Get ready for NJ/NY Jedcamp, everything you love about a conference without the conference!

I have a confession to make. I am writing this blog post during the Super Bowl. Don't worry. I'm not missing anything important. I'm stopping to watch the commercials.

The Super Bowl has become a communal event. The actual football game has almost become less important than the experience watching it. Even if you don't really follow or care for football (I used to be a fan until my wife asked me to choose one sport when we got married and I chose the Yankees) you almost feel less American unless you watch a little of this game. So what if one year we all came together as a country to watch the commercials, put on our parties, share with our friends on our social networks, everything except the actual football game. That is what Jedcamp is.

Jedcamp is everything we enjoy about a conference, the networking conversations in the hallways, the sharing of our latest experiences in the classroom with our friends and colleagues from the real world and from the Twitter universe. In short, it is everything we love about a conference except the actual conference. There are no keynote speakers at Jedcamp. No preplanned, organized presentations at all. If you want to make a presentation or just get together to discuss a topic, you hang up a sign and schedule it that day. If you don't like the room you're in, you get up and go to the next one. Or just stay in the hallway.

I know you might be skeptical. When my good friend, Aaron Ross, first broached the idea of organizing a Jedcamp in NJ/NY, I was too. I very much enjoy conferences. Often I gain a great deal from the presenters, maybe not from the keynotes, but the other more specialized presentations are often quite good. Right now, you might be reading this from just such a conference, the North American Jewish Day School Conference, which I cannot be at in person this year but am closely following virtually on Twitter. I find the ISTE conference which takes place every June to be an indispensable part of my own professional growth.

But then I started thinking. Why do I love conferences? Mostly because of the people I meet. I don't think ISTE would be so integral to my professional development if it weren't for the Avi Chai Foundation dinners that I had the privilege to participate in the past two years to reflect and share my experiences during the day. It was this time which was most valuable for me.

I started thinking about all the people who have reached out to me and who I have reached out to in the recent past to ask about different aspects of educational practice. Often I do not really get the chance to speak to them despite my best of intentions. I am just too busy in my own school and family life. Personally, I am the midst of a one-to-one iPad pilot with my 9th graders at Frisch. I would love to bounce off ideas with others who are in the midst of a similar one-to-one rollout. But once again. I am usually too busy to fit this into my regular schedule. Therefore, a day devoted to these types of experiences would be quite valuable for me.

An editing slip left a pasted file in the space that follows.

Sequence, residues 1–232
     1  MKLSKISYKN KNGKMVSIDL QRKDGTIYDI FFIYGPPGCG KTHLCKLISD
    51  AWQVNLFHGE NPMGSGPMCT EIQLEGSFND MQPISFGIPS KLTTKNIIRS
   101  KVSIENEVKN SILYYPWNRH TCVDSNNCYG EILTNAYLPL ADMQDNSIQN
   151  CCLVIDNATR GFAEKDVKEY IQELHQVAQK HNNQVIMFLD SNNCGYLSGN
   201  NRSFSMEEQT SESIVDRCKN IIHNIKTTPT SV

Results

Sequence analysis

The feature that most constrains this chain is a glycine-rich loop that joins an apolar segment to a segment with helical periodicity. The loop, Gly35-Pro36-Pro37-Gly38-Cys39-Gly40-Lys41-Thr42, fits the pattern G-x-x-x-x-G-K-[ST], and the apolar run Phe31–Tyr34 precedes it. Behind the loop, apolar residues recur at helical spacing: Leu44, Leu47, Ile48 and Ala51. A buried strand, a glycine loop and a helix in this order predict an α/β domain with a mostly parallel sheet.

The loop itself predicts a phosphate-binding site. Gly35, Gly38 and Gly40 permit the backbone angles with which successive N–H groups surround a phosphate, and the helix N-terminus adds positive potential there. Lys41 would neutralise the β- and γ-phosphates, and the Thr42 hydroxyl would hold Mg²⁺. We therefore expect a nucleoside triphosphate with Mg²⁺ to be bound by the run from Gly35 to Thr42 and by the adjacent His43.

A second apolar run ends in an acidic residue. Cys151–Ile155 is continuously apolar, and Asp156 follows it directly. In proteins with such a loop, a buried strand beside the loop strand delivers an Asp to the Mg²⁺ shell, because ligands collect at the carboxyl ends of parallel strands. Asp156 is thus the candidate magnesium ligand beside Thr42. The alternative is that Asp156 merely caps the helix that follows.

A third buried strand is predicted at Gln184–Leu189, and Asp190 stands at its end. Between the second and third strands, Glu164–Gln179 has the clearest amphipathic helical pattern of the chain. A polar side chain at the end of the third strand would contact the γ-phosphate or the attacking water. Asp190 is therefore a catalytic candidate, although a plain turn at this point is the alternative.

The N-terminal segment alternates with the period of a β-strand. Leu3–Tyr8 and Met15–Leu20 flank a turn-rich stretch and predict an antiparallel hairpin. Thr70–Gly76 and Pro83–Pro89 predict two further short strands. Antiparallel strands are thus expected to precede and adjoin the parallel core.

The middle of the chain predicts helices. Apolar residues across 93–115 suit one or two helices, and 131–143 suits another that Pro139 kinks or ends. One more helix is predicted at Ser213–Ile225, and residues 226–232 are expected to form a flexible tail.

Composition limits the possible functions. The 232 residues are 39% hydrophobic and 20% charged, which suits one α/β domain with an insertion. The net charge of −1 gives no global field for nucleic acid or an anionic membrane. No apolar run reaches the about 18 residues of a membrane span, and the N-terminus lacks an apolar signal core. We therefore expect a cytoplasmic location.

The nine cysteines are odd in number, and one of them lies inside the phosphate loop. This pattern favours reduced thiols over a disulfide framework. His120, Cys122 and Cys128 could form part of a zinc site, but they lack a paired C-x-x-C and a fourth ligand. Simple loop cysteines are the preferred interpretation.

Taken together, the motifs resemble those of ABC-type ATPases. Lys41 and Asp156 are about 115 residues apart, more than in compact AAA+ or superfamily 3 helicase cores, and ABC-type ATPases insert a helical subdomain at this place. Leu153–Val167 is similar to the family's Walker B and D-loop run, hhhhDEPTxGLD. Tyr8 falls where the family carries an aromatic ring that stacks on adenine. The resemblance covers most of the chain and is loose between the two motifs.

I also researched the Edcamp model and how it was implemented in other places. You can read the Edcamp wiki here. Because this model is so open ended, it is relatively easy to franchise. One can have an Edcamp or, in this case, a Jedcamp anywhere with relatively little planning and funds when compared to an actual full blown conference. The recent highly successful Jedcamp in South Florida run by my Twitter friends, Meir Wexler and Seth Dimbert, was the final inspiration for me. You can watch the video they produced below.

JEDcamp: What, Why and How? from MisterD on Vimeo.

So here we are. We are pleased to announce our NJ/NY Jedcamp which will take place on April 21 at Yavneh Academy in Paramus NJ. You can register for this event using the following link: Please share this with your friends, colleagues and members of your social network!!!

I would like to thank my friend and colleague Aaron Ross, Assistant Principal at Yavneh Academy- co-chair of this event, who has been the driving force behind organizing this Jedcamp, and the rest of our Jedcamp committee:

  • Michael Bitton - Director of Educational Technology at Magen David Yeshiva High School in Brooklyn
  • Yehuda Chanales - Rebbe and educational technologist at TABC in Teaneck
  • Dov Emerson - Assistant Principal at DRS Boys high school in Woodmere
  • Shira Leibowitz - Principal of Solomon Schechter in Westchester, head of YU 2.0, and the person who got the idea of this Jedcamp moving in the first place
  • Chani Lichtiger - Director of Educational Technology at Yavneh Academy in Paramus
  • Tikvah Wiener - English Department Chair and head of the Real School program at Frisch in Paramus
Check back on this blog and Aaron Ross' blog,, for regular updates about this event. I am looking forward to seeing you at Jedcamp!